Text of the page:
King David made a horrible decision when he chose to commit adultery with Bathsheba and murder her husband. Because of that decision the child who was conceived died, and David was rebuked by Nathan the prophet. There was great consequences to the decision David made. In response, he humbly admitted his guilt, repented, and was restored. After this event God declared David to be “a man after His own heart.” God brought redemption to a destructive decision. It was Solomon the son who was later born to David and Bathsheba that succeeded David as king, that built the temple and achieved an unsurpassed measure of success. Even though David paid a great price for his poor decision, the redemptive work of God was evident and ultimately brought about a gracious result that David’s actions did not warrant.
As one who has made bad decisions, and will likely make more in the future I am in need of the redemptive work of God and quite possibly you are as well. I believe that there is some responsibility on our part that is required for the process of redemption to begin.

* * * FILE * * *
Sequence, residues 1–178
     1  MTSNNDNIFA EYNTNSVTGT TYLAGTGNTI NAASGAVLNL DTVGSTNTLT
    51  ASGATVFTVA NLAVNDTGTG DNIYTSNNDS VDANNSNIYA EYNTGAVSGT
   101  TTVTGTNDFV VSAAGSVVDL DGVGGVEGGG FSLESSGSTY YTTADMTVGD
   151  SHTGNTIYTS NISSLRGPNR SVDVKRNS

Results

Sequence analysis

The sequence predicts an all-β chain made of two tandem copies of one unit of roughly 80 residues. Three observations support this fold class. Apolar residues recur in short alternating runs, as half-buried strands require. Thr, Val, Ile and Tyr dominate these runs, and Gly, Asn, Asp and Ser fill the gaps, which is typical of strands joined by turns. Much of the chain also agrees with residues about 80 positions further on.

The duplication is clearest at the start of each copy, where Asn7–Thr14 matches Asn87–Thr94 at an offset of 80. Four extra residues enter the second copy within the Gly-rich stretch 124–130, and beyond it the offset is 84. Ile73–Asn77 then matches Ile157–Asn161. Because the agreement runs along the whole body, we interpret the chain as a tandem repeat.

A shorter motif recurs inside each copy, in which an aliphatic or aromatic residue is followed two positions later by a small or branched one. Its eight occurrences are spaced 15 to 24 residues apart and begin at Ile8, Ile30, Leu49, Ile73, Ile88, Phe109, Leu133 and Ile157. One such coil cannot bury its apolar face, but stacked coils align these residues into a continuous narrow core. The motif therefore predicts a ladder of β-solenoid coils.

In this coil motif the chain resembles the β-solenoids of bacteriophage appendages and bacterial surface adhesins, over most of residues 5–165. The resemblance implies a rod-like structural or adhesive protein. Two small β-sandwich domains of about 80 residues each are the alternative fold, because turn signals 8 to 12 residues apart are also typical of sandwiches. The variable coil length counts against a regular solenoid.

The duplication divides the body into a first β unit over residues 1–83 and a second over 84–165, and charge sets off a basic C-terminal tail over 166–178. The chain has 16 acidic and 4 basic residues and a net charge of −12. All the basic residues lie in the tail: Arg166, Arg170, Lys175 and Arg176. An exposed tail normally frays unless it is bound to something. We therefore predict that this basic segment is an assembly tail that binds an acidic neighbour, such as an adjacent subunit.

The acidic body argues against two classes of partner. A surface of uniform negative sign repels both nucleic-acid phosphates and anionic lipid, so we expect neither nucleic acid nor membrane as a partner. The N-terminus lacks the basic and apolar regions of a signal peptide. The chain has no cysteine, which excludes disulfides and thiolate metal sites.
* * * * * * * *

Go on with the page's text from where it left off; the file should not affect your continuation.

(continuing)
Although we have discovered the path to God’s redemptive work in our lives I do believe that there is also a pathway to making sound decisions whereby we can avoid the potential fallout of poor decision making.
God is good all the time. We shouldn’t credit the product of a bad decision to a God who only intends for us to experience His goodness. It would be more beneficial for us to understand that we are a key player in the outcome of life’s decisions for both good and bad. When we do make a bad decision that costs us more than we can afford to pay, we can place our trust in a gracious God. Who at His core is a good Father that will redeem the situation for our benefit.
Ken Boone currently serves as a co-host on The Alliance Podcast at boldcupofcoffee.com and founding pastor at Alabaster House as well as a public speaker, travelling equipper and writer at newbreedministries.org.
Ken and his wife Christa are the proud parents of four children. They have been married for more than 15 years. And have been in the ministry for more than 17 years, They have dedicated their lives to preaching the "Gospel of the Kingdom", and to living a life in partnership with Holy Spirit. Their desire is to see believers equipped to live a lifestyle that brings the realities of Heaven to the world that we live in, to see the culture of the Kingdom of God replace the cultures around us. And to fulfill the mandate from Jesus to: "Heal the sick, cleanse the lepers, raise the dead, freely you have received freely give." Check out more of Ken;s articles.